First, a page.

Pre emergent soil temp, or specific date?

Discussion in 'Pesticide & Herbicide Application' started by Shady Brook, Feb 25, 2003.

  1. Shady Brook

    Shady Brook LawnSite Bronze Member
    from Indiana
    Posts: 1,517

    Do you guys put down pre emergent according to a date on the calander, or do you check soil temps?

    I have been hearing from the extention office, and from some local guys the earlier the better to put down your pre M. Seems to me, you would get a longer more effective coverage time, if you waited til the Soil temp approached that neccesary for crab germination? Or are their other factors I am not considering. I would enjoy hearing your thoughts.

    Jay
     
  2. kickin sum grass

    kickin sum grass LawnSite Senior Member
    Posts: 628

    it depends on how many customers you have. If you are large you have to start earlier to get it all done. I think you were from indiana..... You will want to have it down by the time the forsythias bloom. crabgrass germinates at the same time. That means all the environmental conditions are right for germination and blooming. Also you may want to try dimension instead of pre-m. it has longer residual so you can start earlier as well as some post activity. I have had better luck with it and only need 1 app for good results. this will free up your next app to apply another comb fertilizer if you need to.
     
  3. Shady Brook

    Shady Brook LawnSite Bronze Member
    from Indiana
    Posts: 1,517

    Thanks Kick

    Now I need to find a forsythias. :)

    So there is no need to be really early. Would it make sense to apply as late as possible to have a more lasting effect? I will not have a ton of customers, so that waiting will not be a problem if it works well.

    I think you are right about Dimension, seems really good. The one source I will use most does not carry much with dimension, he carries Team mostly. I can probably work something out to get the dimension from another source.

    Thanks again
    Jay
     
  4. 1grnlwn

    1grnlwn LawnSite Bronze Member
    Posts: 1,261

    I wait as long as possible. Crabgrass starts to germinate at 55 deg so ground at about 50 deg works for me. May start earlier this year so weed and feed not so late.

    Mark
     
  5. GroundKprs

    GroundKprs LawnSite Bronze Member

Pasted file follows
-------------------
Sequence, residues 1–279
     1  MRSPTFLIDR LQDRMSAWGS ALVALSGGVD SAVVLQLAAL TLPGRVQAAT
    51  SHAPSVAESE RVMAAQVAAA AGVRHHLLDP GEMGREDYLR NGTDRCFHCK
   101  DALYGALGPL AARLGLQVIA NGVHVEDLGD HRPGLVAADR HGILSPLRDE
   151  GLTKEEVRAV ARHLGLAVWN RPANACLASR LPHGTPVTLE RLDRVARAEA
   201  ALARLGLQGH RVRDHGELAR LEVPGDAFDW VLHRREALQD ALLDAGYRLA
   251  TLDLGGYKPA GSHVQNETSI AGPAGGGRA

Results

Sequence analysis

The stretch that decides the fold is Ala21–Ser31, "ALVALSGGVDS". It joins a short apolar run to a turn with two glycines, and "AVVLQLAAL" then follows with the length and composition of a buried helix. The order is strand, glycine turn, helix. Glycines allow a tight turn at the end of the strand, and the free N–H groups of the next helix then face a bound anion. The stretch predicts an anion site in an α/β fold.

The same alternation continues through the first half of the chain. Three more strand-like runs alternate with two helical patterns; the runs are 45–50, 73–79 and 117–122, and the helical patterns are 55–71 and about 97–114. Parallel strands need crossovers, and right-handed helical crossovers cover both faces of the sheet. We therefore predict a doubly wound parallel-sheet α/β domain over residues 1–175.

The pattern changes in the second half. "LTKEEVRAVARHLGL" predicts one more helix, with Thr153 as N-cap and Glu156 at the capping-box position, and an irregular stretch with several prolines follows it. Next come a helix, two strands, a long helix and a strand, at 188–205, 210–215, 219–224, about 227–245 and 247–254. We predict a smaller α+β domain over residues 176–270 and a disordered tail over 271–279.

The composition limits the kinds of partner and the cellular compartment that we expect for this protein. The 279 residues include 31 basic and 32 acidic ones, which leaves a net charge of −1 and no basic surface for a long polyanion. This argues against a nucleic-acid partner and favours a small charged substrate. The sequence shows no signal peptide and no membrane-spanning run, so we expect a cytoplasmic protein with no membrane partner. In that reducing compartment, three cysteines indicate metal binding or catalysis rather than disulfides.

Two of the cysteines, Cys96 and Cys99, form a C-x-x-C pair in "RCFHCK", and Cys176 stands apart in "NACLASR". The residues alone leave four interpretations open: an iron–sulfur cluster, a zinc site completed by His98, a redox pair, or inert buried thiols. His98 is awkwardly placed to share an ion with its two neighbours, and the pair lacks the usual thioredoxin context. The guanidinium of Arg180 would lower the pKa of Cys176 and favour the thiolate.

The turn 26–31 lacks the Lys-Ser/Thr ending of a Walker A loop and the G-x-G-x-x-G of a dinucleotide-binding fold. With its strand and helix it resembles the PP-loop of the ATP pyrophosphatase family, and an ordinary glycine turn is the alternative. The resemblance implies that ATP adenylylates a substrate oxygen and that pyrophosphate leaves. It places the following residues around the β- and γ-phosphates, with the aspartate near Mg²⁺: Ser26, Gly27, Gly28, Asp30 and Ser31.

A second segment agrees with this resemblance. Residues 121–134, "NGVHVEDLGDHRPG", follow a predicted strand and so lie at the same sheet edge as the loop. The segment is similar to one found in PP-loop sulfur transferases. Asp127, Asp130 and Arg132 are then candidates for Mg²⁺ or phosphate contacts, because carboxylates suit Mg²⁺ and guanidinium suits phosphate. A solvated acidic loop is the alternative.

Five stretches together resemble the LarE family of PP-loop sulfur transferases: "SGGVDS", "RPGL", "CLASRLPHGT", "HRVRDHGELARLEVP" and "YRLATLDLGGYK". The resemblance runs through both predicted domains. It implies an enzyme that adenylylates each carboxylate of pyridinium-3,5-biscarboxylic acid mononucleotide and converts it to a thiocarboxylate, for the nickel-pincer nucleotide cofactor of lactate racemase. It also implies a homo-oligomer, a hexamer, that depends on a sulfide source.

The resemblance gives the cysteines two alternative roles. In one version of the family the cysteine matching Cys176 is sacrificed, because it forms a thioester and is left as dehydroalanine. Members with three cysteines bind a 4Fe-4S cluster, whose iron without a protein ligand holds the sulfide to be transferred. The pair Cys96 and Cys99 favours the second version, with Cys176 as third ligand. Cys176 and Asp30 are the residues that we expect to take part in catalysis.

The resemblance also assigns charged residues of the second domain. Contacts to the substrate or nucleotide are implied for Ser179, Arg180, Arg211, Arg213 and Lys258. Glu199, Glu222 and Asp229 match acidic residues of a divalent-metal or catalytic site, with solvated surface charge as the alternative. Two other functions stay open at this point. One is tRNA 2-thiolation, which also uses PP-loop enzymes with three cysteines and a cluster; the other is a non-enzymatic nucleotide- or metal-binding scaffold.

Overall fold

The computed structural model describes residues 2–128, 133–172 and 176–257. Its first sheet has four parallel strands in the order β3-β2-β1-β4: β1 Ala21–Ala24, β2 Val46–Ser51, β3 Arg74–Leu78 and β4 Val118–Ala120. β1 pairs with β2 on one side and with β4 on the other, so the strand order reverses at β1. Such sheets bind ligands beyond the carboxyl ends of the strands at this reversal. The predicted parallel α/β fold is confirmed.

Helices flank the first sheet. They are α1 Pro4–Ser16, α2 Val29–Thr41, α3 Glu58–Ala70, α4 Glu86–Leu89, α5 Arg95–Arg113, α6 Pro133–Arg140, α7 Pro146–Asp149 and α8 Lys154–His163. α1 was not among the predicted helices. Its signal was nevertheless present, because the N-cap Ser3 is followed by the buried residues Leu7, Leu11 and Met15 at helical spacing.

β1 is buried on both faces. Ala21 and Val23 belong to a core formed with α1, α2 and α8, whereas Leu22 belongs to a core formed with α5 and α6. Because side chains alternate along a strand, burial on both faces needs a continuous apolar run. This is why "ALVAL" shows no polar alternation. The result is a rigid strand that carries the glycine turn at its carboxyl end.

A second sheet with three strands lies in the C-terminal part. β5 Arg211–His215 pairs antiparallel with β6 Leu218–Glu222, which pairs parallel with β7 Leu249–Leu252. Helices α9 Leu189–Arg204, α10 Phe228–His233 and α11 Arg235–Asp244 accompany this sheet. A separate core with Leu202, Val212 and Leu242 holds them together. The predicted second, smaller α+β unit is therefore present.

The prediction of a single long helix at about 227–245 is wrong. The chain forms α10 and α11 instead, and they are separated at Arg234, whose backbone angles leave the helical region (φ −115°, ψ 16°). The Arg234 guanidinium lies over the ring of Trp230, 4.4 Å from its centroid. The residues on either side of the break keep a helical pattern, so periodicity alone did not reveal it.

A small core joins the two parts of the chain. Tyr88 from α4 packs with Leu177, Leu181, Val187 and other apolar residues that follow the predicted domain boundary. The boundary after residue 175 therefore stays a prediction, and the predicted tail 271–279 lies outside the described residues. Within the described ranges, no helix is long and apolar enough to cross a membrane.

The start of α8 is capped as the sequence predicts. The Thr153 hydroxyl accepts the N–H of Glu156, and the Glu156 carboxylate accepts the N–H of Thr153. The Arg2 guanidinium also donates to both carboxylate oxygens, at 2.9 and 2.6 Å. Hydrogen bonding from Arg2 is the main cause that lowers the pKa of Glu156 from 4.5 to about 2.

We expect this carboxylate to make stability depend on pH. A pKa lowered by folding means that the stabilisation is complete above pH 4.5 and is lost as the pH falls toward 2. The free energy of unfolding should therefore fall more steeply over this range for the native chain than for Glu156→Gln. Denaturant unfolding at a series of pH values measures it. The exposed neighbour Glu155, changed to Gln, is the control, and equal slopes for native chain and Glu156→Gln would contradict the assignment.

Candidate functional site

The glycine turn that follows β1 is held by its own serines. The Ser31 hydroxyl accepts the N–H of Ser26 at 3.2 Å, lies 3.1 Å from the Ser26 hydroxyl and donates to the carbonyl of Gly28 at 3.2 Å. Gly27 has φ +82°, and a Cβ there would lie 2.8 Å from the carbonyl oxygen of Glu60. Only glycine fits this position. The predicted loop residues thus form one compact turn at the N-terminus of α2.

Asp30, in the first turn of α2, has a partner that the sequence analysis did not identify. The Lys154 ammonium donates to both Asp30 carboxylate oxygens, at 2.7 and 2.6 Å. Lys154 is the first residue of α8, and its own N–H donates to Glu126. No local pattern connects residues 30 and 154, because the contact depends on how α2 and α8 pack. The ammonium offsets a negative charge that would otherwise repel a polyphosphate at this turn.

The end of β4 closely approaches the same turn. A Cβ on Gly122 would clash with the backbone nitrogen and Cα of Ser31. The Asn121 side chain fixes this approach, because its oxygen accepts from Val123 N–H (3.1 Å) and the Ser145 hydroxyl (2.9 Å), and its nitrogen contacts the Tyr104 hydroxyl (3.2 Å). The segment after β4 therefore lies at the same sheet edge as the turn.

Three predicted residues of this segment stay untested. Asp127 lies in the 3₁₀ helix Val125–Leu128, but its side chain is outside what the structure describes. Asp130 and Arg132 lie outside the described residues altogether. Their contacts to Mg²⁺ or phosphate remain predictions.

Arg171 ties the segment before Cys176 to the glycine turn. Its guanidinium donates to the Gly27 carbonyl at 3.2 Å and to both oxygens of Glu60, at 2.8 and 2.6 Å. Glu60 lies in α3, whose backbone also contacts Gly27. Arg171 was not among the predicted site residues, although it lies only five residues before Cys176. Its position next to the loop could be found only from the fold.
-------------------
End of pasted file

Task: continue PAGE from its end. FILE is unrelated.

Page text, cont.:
Posts: 1,969

    Many labels on consumer pre-ems state to apply when forsythia blooms, and there is much literature that states the same. Getting your pre-em down before target weeds germinate is the key, and any manufacturer will put CYA speak on his label. I my area, crabgrass germinates 3-6 weeks after forsythia blooms. This is from observation, not from labels. A better indicator of crabgrass germination is the flowering of lilacs: crabgrass will begin to germinate after lilac blooms begin to fade.

    Of course, all of nature is not on the same clock. The north side of a large building can be 3 weeks behind the south side of the same building in April, because the south side has warmed up so much more. But there are generalities one can see over time. For one, if you service both city and suburban lots, you will note that the city sites begin growth about a week sooner than the suburban ones. That's simply because any crowded human environment is usually warmer overall.

    And remember, it is the simplest things that will guide you in the care of plants. I'm sure we could find multiple extensive documents on determining the timing of crabgrass germination. If you want to get it exact every year, just watch the cracks in walks, drives, and parking lots. That is the warmest spot in the environment, and the first place hot weather weeds will germinate, LOL.

    So if I see crabgrass in the parking lot, I better be sure to have pre-em on there in the next 10 days. But if we are having a tremendous heat surge, I might only have 2-3 days. Of course you need to know what germinating crabgrass looks like also.